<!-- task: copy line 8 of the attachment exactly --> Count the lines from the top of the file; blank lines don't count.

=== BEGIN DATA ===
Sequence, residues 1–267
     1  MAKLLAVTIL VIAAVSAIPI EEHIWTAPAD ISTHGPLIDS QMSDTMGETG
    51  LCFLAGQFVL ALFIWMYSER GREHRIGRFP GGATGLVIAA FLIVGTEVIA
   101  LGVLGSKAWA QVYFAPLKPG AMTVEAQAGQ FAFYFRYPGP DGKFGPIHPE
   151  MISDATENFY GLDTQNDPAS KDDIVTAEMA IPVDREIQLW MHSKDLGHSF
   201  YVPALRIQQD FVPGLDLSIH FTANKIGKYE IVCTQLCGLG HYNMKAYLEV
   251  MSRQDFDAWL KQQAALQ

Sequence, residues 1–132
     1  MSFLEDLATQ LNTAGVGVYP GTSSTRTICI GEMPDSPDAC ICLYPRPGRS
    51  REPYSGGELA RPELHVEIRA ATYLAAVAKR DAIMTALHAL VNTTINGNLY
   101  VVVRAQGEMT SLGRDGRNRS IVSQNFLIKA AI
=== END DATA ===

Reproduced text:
Sequence, residues 1–132